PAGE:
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Case Reports in Pathology
Volume 2016, Article ID 9684910, 4 pages
Case Report

Trichohepatoenteric Syndrome or Syndromic Diarrhea—Report of Three Members in a Family, First Report from Iran

1Imam Khomeini Hospital Complex, Tehran University of Medical Sciences, Tehran 14197-33141, Iran
2Maternal, Fetal and Neonatal Research Center, Tehran University of Medical Sciences, Tehran 14197-33141, Iran
3Pediatric Nephrology Research Center, Tehran University of Medical Sciences, Tehran 14197-33151, Iran
4Roshan Azma Pathobiology Private Laboratory, Tehran 15149-35754, Iran
5Pediatric Gastroenterology, Mofid Children Hospital, Shahid Beheshti University of Medical Sciences, Tehran 15514-15468, Iran

Received 2 November 2015; Revised 6 December 2015; Accepted 14 December 2015

Academic Editor: Amit Agrawal

Copyright © 2016 F. E. Mahjoub et al. This is an open access article distributed under the Creative Commons Attribution License, which permits unrestricted use, distribution, and reproduction in any medium, provided the original work is properly cited.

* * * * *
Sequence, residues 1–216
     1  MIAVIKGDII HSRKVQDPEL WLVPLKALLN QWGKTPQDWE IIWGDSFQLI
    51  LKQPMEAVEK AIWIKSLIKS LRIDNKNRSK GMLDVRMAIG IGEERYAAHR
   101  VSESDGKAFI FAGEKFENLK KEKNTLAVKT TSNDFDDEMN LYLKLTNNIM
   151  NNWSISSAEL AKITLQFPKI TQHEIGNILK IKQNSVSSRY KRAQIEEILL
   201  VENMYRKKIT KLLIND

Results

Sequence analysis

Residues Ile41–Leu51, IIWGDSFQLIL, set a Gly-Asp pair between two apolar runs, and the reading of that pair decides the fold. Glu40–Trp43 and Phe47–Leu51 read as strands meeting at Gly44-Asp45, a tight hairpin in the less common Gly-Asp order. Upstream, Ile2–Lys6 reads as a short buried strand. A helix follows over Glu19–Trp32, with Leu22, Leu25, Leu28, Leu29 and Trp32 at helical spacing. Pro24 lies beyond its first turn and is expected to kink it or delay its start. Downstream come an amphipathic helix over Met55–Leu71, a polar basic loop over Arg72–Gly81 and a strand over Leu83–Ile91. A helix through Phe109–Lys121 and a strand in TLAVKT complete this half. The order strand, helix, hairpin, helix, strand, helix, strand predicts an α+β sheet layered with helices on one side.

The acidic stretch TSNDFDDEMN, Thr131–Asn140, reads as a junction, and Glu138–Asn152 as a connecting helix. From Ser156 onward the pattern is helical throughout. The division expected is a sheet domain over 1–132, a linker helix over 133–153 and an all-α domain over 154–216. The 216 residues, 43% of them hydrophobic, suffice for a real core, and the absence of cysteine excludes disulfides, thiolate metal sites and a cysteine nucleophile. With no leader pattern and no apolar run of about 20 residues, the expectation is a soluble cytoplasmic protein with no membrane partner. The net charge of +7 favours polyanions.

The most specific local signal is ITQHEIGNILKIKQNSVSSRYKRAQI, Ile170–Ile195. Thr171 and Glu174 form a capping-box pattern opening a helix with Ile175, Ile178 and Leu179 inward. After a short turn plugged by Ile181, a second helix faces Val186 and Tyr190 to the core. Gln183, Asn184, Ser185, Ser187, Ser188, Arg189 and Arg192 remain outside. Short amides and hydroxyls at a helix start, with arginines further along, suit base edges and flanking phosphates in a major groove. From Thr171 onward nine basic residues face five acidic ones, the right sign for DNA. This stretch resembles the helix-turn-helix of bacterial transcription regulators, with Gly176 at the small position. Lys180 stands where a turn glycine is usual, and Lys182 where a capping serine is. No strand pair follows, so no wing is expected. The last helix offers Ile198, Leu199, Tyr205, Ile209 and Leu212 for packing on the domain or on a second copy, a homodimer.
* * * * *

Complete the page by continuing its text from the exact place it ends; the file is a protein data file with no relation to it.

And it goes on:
Introduction. Intractable diarrhea of infancy (IDI) includes several types of early onset diarrhea; one of the rare etiologies is trichohepatoenteric (THE) syndrome, also known as syndromic diarrhea (SD) which was primarily described by Stankler et al. Hereby we report a family with several affected members which to our knowledge is the first case report from Iran. Report of Cases. A three-year-old boy referred with short stature, poor weight gain, and intermittent steatotic diarrhea to our center. He was born to healthy, relative parents (cousins). He did not gain any weight after four months of age and began having intermittent steatotic diarrhea, abdominal distension, and fever. He was hospitalized several times. Two other children in the family also showed somewhat similar symptoms. Two sweat tests were negative for cystic fibrosis. Workup for Celiac disease was performed several times which was negative; however, gluten-free diet was tried several times which was not effective. Workup for Hirschsprung’s disease was performed but colon was ganglionic. Evidence of liver involvement was approved by elevated liver enzymes and coarse echo of liver on sonography. Discussion. Trichoenterohepatic syndrome should be put in mind in cases of intractable diarrhea presenting in a family with several affected members. Early diagnosis would save patients from unnecessary workups.